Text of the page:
During Clinton's run for the White House, there was the "War Room" in which Carville (manager) had the sign up "It's the economy, stupid," in order to keep the focus (laser like) on what mattered for winning the race against George H. W. Bush.
For the ELCA, the fight over LGBTQ ordination was not only the study documents that they had (and we have too in the PCUSA), but also geography! In an article by John Dart in the Christian Century, Dart contends that geography had a large part to play in the change in the ELCA. The focus? Midwesterners versus the Bible-belt South. ELCA does not have to contend with the Bible belt, while we of the PCUSA and United Methodists do:
In an interview, Cadge noted that the PCUSA and UMC have met strong resistance from conservative churches in the Bible Belt—in contrast to the ELCA, which is concentrated in the upper Midwest—and that the ELCA came to the homosexuality debate late partly because the denomination was formed, by merger, only in 1988.
United Methodists are not likely to adopt inclusive policies soon, primarily because of geography. "The UMC has almost 40 percent of its membership outside the United States, and our U.S. membership is concentrated in the Bible Belt," said Troy Plummer, executive director of the gay-supportive Reconciling Ministries Network.
Timing has been another factor. Plum mer praised ELCA activists in the Good Soil coalition for being "exceptionally well organized" during this decade when public opinion has shifted leftward and a growing number of states have approved of same-sex civil unions and marriage.
Plummer said efforts of conservative advocacy groups in the ELCA seemed to fall short of the opposition conservative renewal groups mounted in the 1980s and 1990s against changes proposed by liberal United Methodists and Presbyterians. "The PCUSA and Methodists were fighting and losing more battles," he said, and this perhaps helped to solidify opposing stances.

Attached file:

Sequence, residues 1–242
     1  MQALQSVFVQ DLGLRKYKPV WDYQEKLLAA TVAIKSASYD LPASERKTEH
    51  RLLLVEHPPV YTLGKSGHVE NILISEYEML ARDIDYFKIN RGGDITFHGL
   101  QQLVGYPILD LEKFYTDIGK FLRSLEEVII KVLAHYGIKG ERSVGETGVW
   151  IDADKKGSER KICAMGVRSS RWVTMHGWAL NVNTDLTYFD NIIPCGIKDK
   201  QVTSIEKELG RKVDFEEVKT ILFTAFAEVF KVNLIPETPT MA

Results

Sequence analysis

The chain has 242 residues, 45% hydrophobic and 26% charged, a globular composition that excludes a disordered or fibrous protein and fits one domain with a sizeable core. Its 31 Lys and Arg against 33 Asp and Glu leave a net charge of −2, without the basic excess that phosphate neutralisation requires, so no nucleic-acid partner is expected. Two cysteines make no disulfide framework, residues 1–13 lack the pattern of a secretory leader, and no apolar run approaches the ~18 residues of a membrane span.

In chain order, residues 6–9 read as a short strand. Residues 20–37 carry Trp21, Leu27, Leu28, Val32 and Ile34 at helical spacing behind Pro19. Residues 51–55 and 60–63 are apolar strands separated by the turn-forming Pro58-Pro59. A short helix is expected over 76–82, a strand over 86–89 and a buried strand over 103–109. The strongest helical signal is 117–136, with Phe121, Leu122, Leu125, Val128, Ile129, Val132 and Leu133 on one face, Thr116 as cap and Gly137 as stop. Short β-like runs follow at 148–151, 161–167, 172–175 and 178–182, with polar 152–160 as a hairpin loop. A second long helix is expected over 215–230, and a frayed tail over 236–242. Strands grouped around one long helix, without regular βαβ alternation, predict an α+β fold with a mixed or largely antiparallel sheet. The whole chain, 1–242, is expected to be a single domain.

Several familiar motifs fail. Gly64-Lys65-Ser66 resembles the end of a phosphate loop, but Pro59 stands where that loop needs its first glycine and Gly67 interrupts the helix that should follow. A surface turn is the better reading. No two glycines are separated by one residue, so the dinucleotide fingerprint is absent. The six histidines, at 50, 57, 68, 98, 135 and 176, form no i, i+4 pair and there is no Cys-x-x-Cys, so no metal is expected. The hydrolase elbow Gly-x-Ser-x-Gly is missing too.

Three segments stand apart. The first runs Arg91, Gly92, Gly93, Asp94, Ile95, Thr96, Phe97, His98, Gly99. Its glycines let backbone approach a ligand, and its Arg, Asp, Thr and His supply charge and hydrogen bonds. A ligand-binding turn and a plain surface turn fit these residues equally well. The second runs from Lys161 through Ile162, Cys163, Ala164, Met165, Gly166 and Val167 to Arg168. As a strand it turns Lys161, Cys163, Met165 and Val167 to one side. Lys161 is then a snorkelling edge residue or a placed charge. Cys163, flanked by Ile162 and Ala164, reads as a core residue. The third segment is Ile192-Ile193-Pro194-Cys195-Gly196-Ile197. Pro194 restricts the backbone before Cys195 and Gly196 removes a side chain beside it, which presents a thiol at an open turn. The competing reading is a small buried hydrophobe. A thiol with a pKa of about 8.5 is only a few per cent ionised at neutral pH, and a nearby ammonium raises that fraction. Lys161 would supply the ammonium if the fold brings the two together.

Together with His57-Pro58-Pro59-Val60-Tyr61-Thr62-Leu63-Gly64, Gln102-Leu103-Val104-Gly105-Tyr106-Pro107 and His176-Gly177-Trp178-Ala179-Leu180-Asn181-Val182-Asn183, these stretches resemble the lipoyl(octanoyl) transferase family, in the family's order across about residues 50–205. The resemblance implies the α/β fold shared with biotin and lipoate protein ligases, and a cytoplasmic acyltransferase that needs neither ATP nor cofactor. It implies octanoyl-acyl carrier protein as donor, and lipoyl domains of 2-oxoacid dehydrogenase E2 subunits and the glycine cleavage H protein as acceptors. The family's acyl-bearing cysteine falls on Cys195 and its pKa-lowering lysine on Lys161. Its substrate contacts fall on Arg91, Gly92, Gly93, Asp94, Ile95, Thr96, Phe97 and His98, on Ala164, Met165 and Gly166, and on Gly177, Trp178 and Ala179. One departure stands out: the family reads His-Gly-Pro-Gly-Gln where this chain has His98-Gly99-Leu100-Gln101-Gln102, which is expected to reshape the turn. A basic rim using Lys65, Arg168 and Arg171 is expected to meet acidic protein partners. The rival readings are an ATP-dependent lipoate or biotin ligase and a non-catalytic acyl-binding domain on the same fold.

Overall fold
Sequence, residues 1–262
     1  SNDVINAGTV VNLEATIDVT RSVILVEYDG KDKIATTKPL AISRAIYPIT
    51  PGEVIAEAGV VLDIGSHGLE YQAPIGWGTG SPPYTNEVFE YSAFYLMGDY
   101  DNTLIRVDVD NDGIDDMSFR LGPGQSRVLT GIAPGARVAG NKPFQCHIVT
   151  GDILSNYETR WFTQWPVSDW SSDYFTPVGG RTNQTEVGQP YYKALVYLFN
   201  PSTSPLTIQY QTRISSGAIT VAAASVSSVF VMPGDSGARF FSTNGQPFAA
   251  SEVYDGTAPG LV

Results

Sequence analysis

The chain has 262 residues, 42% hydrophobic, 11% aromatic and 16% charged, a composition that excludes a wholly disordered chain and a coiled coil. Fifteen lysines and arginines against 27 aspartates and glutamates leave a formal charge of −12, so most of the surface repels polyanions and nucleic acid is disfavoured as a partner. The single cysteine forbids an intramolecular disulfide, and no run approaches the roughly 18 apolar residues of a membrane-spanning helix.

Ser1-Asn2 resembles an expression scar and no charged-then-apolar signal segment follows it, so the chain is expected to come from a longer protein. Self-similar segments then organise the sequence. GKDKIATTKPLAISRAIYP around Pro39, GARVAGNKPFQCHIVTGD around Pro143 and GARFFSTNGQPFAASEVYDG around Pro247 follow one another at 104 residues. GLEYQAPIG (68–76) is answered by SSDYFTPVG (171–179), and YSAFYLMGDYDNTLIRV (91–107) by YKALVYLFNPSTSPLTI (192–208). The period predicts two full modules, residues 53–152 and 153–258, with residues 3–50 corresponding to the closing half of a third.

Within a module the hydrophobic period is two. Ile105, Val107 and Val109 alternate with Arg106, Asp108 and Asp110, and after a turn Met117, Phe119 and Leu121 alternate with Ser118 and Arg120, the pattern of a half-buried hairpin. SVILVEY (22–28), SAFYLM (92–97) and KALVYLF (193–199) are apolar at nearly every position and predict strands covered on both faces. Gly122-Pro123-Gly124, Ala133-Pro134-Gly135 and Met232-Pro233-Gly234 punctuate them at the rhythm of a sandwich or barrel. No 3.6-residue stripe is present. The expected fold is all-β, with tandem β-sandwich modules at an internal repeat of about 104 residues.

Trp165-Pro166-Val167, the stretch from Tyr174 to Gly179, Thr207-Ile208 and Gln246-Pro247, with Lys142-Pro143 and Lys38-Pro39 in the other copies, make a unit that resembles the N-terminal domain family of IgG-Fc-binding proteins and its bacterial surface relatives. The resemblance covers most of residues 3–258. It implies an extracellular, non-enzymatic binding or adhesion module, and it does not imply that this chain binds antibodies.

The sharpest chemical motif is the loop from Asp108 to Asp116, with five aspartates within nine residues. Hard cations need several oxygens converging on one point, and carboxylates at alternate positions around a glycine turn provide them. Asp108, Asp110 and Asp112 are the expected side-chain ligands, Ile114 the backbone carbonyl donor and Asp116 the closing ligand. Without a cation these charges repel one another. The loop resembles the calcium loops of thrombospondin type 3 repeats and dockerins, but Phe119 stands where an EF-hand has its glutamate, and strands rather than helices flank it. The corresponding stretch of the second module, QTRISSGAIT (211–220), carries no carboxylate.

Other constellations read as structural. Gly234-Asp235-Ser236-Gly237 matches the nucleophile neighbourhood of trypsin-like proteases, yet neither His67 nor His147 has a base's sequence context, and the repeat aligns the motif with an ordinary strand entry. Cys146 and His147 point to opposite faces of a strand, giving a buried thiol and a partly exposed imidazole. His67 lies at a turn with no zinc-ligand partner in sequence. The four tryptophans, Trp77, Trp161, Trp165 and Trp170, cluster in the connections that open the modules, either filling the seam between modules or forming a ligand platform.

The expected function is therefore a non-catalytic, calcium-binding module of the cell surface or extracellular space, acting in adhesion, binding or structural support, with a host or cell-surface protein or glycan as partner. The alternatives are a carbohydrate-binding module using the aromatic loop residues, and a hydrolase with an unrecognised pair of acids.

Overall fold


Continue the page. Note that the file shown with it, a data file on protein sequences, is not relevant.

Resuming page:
Only 32 percent of clergy in the UMC in the U.S. said they support ordination of gays and lesbians, compared to 50 percent in the PCUSA and 54 percent in the ELCA, according to the 2008 Clergy Voices Survey taken by Public Religion Research. Asked if they support the inclusion of gays and lesbians in lay leadership, 51 percent of Methodist clergy said yes, whereas 64 percent of PCUSA ministers and 80 percent of ELCA pastors expressed approval.
The 2008 Presbyterian General Assembly voted to allow gay clergy, but the action did not get the required two-thirds approval from the 173 regional presbyteries. Advocates were cheered, however, when the no votes were fewer than in previous failed attempts.
Of all the recorded votes by elders and ministers in the presbyteries, 49 percent were yes votes, according to the Covenant Network of Presbyterians. "It is clear [that] change is coming to the church," said the group's board in a statement. "The conversation continues."
Click here for the entire article.
Many of us from the northern United Presby. Church USA wondered what would be the results of a merger with the PCUS, our Southern kin strung out along the Bible belt of the South. Question: would the UPCUSA have ordained openly LGBTQ people by now if it were still a denomination of more northern and western churches?
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